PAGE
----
For melanoma, surgery induced escape from tumor dormancy has also been observed to some extent in mouse models. Alterman et al. found that in G3 subclones of B16 mouse melanoma with varying rates of in vivo growth, nonproliferating micrometastases were present in the lungs once the primary subcutaneous tumors had reached a certain mean geometric diameter [55]. The authors then found that after excision of the primary tumor, extensive lung macrometastases developed, which rapidly led to host mortality. More recently, Rofstad et al. showed that in a D12 human melanoma xenograft model, surgical resection of the primary tumor alone is sufficient to stimulate proliferation of dormant tumor cells in the lung which lead to accelerated development of macrometastases [56]. Curative radiation therapy to the primary tumor actually achieved the same effect as surgery. Similar to the work done by Folkman et al. with angiostatin and endostatin, Rofstad et al. demonstrated that the primary tumor secreted an angiogenesis inhibitor, thrombospondin-1, that once removed by surgery (or radiation therapy) allowed for successful angiogenesis and subsequent metastatic progression.

In contrast to mouse models, clinical evidence for surgery induced escape from tumor dormancy in melanoma is scarce. Almost a decade ago, Pinsolle et al. proposed several mechanisms similar to those described above which could allow for metastatic progression after surgery, but the authors concluded that there is inadequate clinical evidence to support the deleterious effect of surgery in melanoma [57]. Ossowki et al. reviewed tumor dormancy in melanoma which included more recent literature [58]. No specific data was presented to support or refute the concept of surgery induced escape from tumor dormancy in melanoma. Our own review of the recent literature did not reveal any further studies.

Looking at the large series of patients with late melanoma recurrences [34-36], the primary tumors in these patients have been resected years prior to the development of recurrence and therefore surgery cannot be contributory to escape from tumor dormancy in these patients with early and intermediate stage melanoma. Similarly, in patients who develop melanoma through organ transplantation transmission [41,42], primary tumor resection in the donor has occurred years prior to transplantation. MacKie et al. reported a case in which fatal melanoma was transmitted after a 16 year disease free interval from the time of primary tumor resection in the donor [59]. Collectively, this data would actually suggest that primary tumor resection is not the stimulus for escape from tumor dormancy.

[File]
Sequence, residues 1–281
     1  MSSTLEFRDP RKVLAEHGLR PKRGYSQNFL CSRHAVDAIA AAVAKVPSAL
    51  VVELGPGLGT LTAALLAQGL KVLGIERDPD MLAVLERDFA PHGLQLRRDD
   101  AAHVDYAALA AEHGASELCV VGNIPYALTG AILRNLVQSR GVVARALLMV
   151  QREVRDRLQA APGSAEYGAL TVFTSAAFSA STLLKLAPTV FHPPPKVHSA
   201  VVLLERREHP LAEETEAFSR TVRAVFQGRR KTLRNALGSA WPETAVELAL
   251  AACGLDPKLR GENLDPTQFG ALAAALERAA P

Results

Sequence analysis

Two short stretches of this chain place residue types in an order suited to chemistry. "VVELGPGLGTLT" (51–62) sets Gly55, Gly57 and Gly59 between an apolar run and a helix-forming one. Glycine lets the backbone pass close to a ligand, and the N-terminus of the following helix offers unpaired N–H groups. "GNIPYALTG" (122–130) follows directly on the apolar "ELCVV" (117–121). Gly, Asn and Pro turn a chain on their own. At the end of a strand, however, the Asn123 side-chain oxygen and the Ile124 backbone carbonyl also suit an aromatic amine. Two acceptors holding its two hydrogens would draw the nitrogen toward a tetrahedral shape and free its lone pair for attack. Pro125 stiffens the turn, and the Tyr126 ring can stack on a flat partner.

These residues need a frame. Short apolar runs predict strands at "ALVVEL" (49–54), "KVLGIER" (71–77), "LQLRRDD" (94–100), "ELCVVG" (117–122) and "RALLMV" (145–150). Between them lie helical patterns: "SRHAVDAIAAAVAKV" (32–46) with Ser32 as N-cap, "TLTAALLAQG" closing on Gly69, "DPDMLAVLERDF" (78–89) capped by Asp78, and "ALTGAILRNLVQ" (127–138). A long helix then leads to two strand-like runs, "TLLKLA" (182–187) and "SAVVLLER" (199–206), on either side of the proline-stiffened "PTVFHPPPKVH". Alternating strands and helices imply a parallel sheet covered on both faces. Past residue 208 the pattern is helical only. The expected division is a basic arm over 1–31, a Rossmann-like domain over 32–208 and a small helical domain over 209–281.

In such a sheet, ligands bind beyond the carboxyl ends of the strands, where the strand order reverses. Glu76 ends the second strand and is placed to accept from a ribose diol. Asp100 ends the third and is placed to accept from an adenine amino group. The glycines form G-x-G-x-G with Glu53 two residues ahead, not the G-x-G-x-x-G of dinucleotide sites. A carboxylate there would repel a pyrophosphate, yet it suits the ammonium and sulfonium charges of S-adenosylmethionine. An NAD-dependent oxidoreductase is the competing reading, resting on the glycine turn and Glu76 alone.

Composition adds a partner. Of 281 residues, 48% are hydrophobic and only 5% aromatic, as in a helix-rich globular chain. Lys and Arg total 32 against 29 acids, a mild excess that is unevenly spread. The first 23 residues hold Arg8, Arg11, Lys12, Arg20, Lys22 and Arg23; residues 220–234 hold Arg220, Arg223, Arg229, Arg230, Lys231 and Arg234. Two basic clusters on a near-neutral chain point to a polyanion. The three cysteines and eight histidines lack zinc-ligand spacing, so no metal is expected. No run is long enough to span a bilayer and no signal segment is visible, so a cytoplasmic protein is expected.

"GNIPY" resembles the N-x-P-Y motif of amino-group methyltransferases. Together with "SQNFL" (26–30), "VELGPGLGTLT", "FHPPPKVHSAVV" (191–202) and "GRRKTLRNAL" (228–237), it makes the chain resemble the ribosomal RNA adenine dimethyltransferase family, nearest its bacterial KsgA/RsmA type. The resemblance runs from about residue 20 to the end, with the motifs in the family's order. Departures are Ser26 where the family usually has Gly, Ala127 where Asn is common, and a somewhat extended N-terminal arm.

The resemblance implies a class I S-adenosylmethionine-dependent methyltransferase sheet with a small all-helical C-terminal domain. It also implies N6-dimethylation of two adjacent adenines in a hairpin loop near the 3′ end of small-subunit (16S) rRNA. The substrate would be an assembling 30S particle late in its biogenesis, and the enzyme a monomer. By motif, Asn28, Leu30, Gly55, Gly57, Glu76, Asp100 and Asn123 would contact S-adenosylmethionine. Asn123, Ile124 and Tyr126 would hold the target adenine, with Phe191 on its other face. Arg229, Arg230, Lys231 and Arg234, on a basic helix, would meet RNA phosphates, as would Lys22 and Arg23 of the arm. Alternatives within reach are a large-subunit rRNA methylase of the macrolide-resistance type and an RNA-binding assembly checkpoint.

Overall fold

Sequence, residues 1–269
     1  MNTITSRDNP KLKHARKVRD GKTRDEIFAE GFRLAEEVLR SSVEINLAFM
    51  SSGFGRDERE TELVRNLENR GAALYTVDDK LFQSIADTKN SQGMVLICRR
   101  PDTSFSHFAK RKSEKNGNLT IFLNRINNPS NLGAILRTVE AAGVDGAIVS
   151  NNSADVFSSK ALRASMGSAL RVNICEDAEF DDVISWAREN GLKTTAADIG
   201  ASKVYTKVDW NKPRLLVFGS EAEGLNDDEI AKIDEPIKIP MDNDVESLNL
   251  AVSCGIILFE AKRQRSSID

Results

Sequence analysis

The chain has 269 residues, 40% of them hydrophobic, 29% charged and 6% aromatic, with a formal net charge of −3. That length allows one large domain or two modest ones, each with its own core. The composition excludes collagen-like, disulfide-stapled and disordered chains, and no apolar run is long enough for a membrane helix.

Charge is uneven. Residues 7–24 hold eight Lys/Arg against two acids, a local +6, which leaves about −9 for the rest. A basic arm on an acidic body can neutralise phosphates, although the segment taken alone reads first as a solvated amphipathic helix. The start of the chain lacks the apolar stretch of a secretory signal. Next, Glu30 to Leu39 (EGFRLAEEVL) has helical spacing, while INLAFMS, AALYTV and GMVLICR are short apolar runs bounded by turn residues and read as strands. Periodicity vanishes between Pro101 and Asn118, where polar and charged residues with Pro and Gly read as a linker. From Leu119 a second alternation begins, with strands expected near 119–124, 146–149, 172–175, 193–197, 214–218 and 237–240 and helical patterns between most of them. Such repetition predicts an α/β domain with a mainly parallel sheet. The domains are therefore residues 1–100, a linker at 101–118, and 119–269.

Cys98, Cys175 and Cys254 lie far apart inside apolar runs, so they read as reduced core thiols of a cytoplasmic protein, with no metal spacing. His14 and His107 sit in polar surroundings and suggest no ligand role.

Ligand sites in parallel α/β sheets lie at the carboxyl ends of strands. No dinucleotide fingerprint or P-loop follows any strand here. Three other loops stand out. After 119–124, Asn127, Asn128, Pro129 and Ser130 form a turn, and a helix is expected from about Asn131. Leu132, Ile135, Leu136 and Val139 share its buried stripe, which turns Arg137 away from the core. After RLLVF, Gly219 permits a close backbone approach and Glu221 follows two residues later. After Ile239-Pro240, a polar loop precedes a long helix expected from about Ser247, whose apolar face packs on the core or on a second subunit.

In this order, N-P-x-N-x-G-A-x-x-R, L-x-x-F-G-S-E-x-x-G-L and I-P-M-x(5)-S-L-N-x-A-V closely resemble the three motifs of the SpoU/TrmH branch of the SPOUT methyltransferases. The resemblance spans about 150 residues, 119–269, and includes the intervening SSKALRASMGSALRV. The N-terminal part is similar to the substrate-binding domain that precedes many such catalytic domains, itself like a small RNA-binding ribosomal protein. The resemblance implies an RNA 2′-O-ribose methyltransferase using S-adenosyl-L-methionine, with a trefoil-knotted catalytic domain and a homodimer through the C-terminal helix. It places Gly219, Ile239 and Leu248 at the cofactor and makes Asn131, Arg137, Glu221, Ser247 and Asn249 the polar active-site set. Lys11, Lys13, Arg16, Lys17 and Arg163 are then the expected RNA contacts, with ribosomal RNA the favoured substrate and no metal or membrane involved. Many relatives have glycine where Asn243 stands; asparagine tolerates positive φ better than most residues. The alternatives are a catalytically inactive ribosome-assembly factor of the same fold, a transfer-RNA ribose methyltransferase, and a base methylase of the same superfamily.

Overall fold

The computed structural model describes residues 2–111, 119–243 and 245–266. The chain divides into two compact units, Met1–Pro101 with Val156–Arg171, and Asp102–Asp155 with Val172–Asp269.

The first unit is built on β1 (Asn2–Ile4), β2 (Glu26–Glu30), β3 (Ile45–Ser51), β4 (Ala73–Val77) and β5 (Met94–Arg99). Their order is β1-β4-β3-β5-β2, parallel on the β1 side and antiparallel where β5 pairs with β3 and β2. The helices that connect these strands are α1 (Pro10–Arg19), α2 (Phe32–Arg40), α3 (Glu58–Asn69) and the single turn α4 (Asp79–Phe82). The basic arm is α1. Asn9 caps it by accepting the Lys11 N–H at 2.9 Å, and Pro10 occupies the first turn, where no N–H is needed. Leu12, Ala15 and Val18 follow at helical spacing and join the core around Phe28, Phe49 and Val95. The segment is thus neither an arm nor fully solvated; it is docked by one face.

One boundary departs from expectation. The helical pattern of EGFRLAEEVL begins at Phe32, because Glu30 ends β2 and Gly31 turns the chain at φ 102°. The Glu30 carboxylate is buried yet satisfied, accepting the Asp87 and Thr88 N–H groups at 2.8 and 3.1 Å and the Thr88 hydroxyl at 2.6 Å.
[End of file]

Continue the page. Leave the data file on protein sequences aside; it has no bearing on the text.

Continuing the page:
Our own recent report [18] of two cases of rapid development of previously undetected metastatic disease after primary tumor resection could offer some support for surgery induced escape from tumor dormancy. Both patients had giant (8 cm and 19 cm), locally-invasive primary tumors with clinically palpable regional nodal disease, but remarkably, no evidence of metastatic disease based on FDG-PET imaging. We hypothesized that at this point in disease progression, dormant tumor cells at distant metastatic sites were actually present; development of clinically detectable disease then occurred rapidly, at two and six months after primary tumor resection and regional lymph node dissection. Several others have reported similar observations in cases of giant melanomas [60-62]. Although we were limited in direct experimental data to support this, we hypothesized that primary tumor resection may have removed the source of endogenous angiogenesis inhibitors or modified the immune regulatory mechanisms, allowing for escape from tumor dormancy and malignant outgrowth at distant metastatic sites.

However, given the rarity of giant melanomas compared to conventional sized melanomas, it is impossible to draw any definite conclusions. There are also a number of patients with localized, giant melanomas that remained free of distant metastatic disease years after complete primary tumor resection (personal communication, M. Ross and J. Gershenwald, University of Texas M.D. Anderson Cancer Center). Currently, without the ability to predict which organs may harbor microscopic tumor cells or detect them in patients, an alternative explanation is that surgical manipulation of these giant melanomas may have simply released tumors cells into the circulation that subsequently extravasated and began to rapidly proliferate at favorable distant organ sites.

In summary, for most patients, surgical resection is the most direct and effective treatment modality for localized, primary melanoma. In high risk patients (e.g. giant melanomas), perhaps adjuvant clinical trials should be directed against potential, dormant tumor cells.

5. Discussion and Conclusions